Experts in science and medicine will focus on New Zealand's Meningococcal B Immunisation Programme today and tomorrow at an Immunisation Conference in Rotorua.
The immunisation programme aims to stop New Zealand's devastating epidemic of the fast-moving and potentially deadly meningococcal B disease.
Meningococcal Vaccine Strategy director Jane O'Hallahan said the conference was an opportunity to celebrate the early success of the immunisation programme, report on results and plan the way forward.
"We have just completed week eight of the immunisation programme and some 80,000 children and young people have received their first dose. We're delighted with this response. It's a tremendous effort and a credit to all the doctors, nurses and others involved in the Counties Manukau region.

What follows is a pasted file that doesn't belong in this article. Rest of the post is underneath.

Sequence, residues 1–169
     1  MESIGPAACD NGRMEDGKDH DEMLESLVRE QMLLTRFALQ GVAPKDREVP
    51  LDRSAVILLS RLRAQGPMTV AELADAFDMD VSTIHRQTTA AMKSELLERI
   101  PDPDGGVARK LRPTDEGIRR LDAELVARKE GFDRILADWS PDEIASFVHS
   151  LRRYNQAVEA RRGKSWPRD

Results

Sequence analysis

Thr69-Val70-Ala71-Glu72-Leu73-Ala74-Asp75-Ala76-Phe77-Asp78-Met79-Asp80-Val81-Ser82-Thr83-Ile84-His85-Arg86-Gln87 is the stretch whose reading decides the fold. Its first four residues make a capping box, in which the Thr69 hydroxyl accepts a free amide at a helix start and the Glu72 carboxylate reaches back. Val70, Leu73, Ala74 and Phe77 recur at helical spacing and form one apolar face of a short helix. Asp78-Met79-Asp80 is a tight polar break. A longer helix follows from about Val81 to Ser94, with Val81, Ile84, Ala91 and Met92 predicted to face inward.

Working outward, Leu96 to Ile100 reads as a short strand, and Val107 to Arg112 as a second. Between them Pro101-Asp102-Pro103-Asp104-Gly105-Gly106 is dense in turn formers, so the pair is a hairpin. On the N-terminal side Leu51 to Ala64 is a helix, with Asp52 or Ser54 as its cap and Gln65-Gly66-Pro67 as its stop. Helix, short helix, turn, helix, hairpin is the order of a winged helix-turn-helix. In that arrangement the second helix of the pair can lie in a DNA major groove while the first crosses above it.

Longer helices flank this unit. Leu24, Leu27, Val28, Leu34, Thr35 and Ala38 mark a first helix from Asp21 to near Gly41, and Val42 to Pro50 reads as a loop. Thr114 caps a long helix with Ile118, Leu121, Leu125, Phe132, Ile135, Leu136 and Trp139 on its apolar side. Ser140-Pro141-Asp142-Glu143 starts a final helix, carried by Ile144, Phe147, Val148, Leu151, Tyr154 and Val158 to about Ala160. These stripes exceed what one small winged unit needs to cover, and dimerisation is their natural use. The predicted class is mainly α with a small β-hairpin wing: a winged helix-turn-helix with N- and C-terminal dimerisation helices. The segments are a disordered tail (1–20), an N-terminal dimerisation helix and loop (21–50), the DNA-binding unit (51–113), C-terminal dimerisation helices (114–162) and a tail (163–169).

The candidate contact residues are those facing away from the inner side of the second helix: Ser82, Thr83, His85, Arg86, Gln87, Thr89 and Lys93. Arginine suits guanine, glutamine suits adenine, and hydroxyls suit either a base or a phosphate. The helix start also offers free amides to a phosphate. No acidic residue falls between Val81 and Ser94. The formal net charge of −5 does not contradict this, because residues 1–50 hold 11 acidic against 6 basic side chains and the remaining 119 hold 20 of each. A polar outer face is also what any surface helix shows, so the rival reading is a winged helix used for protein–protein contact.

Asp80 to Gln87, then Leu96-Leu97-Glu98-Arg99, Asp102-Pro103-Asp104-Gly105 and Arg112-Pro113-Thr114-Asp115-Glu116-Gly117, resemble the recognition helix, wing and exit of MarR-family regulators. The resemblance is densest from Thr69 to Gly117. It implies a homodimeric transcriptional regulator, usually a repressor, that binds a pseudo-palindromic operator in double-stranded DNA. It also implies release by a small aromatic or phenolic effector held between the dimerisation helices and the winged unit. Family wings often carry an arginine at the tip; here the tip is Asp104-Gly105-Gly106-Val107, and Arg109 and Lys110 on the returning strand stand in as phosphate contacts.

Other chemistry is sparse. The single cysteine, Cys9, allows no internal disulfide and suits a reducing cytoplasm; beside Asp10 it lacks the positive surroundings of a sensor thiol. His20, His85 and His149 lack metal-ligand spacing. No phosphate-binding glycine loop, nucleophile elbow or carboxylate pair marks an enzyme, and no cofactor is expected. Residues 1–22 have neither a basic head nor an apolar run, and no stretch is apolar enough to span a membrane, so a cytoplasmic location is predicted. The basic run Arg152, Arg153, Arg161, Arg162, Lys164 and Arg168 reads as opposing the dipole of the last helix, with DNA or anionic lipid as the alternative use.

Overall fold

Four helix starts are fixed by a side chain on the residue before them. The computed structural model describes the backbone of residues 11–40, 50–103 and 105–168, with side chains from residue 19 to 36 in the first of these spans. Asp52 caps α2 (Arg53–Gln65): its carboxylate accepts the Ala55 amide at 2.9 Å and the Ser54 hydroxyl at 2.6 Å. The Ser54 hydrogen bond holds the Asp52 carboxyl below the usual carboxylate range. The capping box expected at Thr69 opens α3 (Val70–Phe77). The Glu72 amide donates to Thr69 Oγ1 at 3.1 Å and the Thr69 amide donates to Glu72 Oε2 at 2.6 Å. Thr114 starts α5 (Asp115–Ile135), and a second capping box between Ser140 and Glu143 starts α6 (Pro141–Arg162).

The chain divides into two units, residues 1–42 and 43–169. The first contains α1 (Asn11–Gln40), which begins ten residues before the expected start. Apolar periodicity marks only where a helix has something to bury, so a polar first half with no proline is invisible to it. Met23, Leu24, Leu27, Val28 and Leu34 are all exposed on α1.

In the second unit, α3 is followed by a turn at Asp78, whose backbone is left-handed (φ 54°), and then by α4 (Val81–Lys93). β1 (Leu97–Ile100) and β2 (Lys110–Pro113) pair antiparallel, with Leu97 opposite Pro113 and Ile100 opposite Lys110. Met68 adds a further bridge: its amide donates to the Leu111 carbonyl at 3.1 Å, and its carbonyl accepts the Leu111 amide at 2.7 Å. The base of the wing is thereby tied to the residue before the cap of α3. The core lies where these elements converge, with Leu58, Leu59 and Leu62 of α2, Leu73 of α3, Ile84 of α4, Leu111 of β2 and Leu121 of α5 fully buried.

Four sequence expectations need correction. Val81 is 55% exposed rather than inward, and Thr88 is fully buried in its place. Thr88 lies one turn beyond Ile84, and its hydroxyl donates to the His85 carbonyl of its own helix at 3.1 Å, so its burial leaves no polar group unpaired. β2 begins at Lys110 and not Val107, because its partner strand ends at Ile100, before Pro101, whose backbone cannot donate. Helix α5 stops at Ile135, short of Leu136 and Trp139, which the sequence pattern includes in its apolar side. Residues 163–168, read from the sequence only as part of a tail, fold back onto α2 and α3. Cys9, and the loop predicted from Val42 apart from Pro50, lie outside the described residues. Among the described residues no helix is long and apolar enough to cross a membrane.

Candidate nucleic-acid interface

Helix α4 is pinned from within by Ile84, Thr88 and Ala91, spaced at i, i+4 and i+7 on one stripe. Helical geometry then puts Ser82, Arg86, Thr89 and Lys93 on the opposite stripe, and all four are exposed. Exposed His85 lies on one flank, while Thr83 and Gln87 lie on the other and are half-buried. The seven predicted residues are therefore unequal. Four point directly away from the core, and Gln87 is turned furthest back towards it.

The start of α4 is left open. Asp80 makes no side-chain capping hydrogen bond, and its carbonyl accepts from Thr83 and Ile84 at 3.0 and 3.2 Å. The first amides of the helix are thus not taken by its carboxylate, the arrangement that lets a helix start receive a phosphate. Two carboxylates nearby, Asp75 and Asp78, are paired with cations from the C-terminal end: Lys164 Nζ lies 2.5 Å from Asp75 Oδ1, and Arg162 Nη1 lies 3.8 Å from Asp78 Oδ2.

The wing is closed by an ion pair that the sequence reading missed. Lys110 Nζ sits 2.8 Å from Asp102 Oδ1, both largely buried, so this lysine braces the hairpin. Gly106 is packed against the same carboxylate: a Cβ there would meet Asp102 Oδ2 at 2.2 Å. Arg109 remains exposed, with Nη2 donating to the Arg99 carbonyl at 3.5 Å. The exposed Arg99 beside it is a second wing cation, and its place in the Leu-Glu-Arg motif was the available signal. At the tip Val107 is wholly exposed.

"The Really Active Immunisation Conference is also an opportunity for the scientific and medical community to consider in-depth the results of the vaccine's clinical trials, that were conducted prior to the licensure of the vaccine, and the planning for the rest of the programme.
"No-one is under-estimating the enormity of the task ahead as we aim to immunise 1.1 million children and young people in New Zealand against this devastating disease.
"It is fitting that Perry Bisman, the father of "Baby Charlotte" Lucy Cleverley-Bisman, opens the conference. Charlotte and all the others like her, who have suffered from this disease, are the reason we are undertaking this immunisation programme. This vaccine is our best way to prevent that type of pain and suffering.
"We are delighted that international experts in meningococcal disease and immunisation are able to attend the conference.
"Planning for this immunisation programme has involved a huge national and international team effort. We have drawn on expertise from around the globe and it is pleasing to have some of these people together in New Zealand to evaluate how we are going and examine the very real challenges ahead as we roll out the vaccine throughout the country.